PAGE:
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religion    : [rɪl'ɪdʒən] [ril'ɪdʒən]
Ghost dance \Ghost dance\
A religious dance of the North American Indians, participated
in by both sexes, and looked upon as a rite of invocation the
purpose of which is, through trance and vision, to bring the
dancer into communion with the unseen world and the spirits
of departed friends. The dance is the chief rite of the

{Ghost-dance}, or


{religion}, which originated about 1890 in the doctrines of
the Piute Wovoka, the Indian Messiah, who taught that the
time was drawing near when the whole Indian race, the dead
with the living, should be reunited to live a life of
millennial happiness upon a regenerated earth. The
religion inculcates peace, righteousness, and work, and
holds that in good time, without warlike intervention, the
oppressive white rule will be removed by the higher
powers. The religion spread through a majority of the
western tribes of the United States, only in the case of
the Sioux, owing to local causes, leading to an outbreak.
[Webster 1913 Suppl.]

Religion \Re*li"gion\ (r[-e]*l[i^]j"[u^]n), n. [F., from L.
religio; cf. religens pious, revering the gods, Gr. 'ale`gein
to heed, have a care. Cf. {Neglect}.]
1. The outward act or form by which men indicate their
recognition of the existence of a god or of gods having
power over their destiny, to whom obedience, service, and
honor are due; the feeling or expression of human love,
fear, or awe of some superhuman and overruling power,
whether by profession of belief, by observance of rites
and ceremonies, or by the conduct of life; a system of
faith and worship; a manifestation of piety; as, ethical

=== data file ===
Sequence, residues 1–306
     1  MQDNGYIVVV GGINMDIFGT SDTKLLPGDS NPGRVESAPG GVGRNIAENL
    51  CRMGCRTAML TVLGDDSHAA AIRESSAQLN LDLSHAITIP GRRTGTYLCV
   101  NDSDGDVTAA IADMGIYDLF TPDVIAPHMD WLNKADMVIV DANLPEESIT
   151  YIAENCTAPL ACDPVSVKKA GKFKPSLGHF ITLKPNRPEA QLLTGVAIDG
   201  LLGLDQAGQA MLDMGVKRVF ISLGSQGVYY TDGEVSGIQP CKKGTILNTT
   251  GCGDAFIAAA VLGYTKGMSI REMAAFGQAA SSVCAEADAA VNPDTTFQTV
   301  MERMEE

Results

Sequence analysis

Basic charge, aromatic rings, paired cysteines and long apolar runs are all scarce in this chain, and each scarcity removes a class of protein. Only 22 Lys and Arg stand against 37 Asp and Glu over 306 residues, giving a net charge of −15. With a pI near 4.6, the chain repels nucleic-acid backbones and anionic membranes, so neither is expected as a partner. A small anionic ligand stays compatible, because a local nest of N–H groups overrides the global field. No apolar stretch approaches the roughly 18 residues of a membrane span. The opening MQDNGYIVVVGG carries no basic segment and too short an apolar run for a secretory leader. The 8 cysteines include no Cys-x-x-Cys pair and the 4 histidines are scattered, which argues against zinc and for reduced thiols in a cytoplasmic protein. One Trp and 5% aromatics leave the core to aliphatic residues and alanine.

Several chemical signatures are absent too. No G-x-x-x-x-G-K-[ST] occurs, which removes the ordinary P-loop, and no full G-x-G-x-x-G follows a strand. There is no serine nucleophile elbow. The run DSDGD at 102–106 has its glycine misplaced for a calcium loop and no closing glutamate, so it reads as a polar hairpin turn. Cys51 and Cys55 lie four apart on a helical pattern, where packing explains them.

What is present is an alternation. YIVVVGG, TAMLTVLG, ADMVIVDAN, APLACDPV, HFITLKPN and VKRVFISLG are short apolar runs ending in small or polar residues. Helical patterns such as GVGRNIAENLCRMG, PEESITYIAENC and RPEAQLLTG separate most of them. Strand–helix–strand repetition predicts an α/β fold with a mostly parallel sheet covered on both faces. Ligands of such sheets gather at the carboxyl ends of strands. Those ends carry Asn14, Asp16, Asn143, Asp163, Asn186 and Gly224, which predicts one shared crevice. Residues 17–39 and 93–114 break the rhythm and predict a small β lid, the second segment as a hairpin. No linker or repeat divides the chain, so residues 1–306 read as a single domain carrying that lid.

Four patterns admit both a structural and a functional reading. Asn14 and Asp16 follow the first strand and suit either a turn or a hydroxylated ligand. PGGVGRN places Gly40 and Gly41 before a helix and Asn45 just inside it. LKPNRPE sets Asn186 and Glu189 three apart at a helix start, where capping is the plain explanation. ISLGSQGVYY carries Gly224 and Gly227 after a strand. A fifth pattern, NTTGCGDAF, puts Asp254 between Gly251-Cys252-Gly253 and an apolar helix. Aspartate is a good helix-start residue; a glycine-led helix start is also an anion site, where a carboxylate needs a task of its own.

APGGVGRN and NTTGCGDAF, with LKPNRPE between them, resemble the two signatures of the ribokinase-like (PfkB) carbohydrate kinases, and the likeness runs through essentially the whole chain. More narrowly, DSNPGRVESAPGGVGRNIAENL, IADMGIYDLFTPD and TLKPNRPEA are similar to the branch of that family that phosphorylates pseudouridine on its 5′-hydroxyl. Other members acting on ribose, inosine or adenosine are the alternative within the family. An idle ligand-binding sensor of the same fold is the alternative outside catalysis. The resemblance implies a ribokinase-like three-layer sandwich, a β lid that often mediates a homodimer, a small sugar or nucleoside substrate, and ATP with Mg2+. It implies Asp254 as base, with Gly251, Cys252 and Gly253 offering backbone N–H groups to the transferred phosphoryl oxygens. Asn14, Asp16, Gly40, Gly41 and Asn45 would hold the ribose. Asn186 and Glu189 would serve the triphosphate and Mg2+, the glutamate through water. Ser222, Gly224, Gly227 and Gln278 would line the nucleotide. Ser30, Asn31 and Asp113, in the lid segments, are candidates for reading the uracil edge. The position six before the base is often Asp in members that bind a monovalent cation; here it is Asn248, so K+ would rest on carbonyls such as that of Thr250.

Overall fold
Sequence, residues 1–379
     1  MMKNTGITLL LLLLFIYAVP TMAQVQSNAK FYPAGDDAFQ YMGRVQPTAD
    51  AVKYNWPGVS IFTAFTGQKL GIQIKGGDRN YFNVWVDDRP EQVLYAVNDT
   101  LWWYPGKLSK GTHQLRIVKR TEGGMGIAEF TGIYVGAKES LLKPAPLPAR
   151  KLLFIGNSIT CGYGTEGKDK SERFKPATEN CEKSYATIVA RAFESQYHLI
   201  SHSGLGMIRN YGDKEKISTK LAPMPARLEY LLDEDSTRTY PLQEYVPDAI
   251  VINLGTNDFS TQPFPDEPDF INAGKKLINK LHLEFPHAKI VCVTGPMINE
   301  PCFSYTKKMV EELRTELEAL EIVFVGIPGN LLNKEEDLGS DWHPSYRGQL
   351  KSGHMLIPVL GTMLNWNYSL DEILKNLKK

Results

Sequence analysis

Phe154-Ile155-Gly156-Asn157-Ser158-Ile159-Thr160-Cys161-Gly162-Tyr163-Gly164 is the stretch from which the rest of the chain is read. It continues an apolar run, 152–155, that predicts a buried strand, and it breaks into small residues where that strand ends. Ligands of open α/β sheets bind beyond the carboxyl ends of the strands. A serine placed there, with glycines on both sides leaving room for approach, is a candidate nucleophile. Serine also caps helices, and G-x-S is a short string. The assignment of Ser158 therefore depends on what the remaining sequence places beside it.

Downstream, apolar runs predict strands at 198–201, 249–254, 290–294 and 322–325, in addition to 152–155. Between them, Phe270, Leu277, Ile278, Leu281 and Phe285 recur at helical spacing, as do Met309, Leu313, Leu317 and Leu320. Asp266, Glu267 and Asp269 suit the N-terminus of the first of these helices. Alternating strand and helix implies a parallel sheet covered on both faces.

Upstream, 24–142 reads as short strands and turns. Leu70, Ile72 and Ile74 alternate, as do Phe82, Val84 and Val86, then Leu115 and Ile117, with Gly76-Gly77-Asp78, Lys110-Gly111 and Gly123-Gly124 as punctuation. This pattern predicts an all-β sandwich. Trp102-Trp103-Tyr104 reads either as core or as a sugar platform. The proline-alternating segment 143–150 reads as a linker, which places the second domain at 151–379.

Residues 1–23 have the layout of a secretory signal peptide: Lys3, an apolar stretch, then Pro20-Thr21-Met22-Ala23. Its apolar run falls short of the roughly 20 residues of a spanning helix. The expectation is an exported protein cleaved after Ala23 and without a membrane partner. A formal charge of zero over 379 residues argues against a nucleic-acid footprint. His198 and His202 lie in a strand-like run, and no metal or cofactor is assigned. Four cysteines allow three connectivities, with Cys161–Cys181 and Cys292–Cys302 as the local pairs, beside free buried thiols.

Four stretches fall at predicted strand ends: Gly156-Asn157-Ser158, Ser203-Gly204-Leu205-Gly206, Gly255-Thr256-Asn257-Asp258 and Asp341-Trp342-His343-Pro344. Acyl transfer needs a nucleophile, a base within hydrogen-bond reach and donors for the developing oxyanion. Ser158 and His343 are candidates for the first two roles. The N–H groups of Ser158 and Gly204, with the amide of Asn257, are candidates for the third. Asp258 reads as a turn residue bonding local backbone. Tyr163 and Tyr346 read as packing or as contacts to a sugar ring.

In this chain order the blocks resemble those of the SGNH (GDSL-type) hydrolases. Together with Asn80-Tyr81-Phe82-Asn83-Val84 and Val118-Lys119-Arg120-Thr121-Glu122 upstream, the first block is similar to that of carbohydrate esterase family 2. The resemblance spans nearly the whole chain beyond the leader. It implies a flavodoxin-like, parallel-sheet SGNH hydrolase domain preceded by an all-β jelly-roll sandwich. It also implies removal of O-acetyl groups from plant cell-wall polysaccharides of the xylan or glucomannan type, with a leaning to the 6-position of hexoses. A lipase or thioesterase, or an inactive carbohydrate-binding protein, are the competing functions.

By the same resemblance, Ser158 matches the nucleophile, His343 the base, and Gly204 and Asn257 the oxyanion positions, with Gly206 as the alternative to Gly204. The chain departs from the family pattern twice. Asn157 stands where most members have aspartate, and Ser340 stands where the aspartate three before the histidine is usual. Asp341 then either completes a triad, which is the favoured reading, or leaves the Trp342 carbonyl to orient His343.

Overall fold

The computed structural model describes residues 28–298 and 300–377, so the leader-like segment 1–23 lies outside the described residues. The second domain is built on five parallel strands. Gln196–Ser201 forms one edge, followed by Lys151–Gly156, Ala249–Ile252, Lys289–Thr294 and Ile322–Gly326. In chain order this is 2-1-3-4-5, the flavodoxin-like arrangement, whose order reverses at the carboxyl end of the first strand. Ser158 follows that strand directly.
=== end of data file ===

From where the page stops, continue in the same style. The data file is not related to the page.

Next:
religions; monotheistic religions; natural religion;
revealed religion; the religion of the Jews; the religion
of idol worshipers.
[1913 Webster]

An orderly life so far as others are able to observe
us is now and then produced by prudential motives or
by dint of habit; but without seriousness there can
be no religious principle at the bottom, no course
of conduct from religious motives; in a word, there
can be no religion. --Paley.
[1913 Webster]

Religion [was] not, as too often now, used as
equivalent for godliness; but . . . it expressed the
outer form and embodiment which the inward spirit of
a true or a false devotion assumed. --Trench.
[1913 Webster]

Religions, by which are meant the modes of divine
worship proper to different tribes, nations, or
communities, and based on the belief held in common
by the members of them severally. . . . There is no
living religion without something like a doctrine.
On the other hand, a doctrine, however elaborate,
does not constitute a religion. --C. P. Tiele
[1913 Webster]

Religion . . . means the conscious relation between
man and God, and the expression of that relation in
human conduct. --J.
[1913 Webster]

After the most straitest sect of our religion I
lived a Pharisee. --Acts xxvi.
[1913 Webster]

The image of a brute, adorned
With gay religions full of pomp and gold. --Milton.
[1913 Webster]

2. Specifically, conformity in faith and life to the precepts
inculcated in the Bible, respecting the conduct of life
and duty toward God and man; the Christian faith and

Note: This definition is from the 1913 Webster, which was
edited by Noah Porter, a theologian. His bias toward
the Christion religion is evident not only in this
definition, but in others as well as in the choice of
quations or illustrative phrases. Caveat lector. - PJC
[1913 Webster]

Let us with caution indulge the supposition that
morality can be maintained without religion.
[1913 Webster]

Religion will attend you . . . as a pleasant and
useful companion in every proper place, and every
temperate occupation of life. --Buckminster.
[1913 Webster]

3. (R. C. Ch.) A monastic or religious order subject to a
regulated mode of life; the religious state; as, to enter
religion. --Trench.
[1913 Webster]

A good man was there of religion. --Chaucer.
[1913 Webster]

4. Strictness of fidelity in conforming to any practice, as
if it were an enjoined rule of conduct. [R.]
[1913 Webster]

Those parts of pleading which in ancient times might
perhaps be material, but at this time are become
only mere styles and forms, are still continued with
much religion. --Sir M. Hale.
[1913 Webster]

Note: Religion, as distinguished from theology, is
subjective, designating the feelings and acts of men
which relate to God; while theology is objective, and
denotes those ideas which man entertains respecting the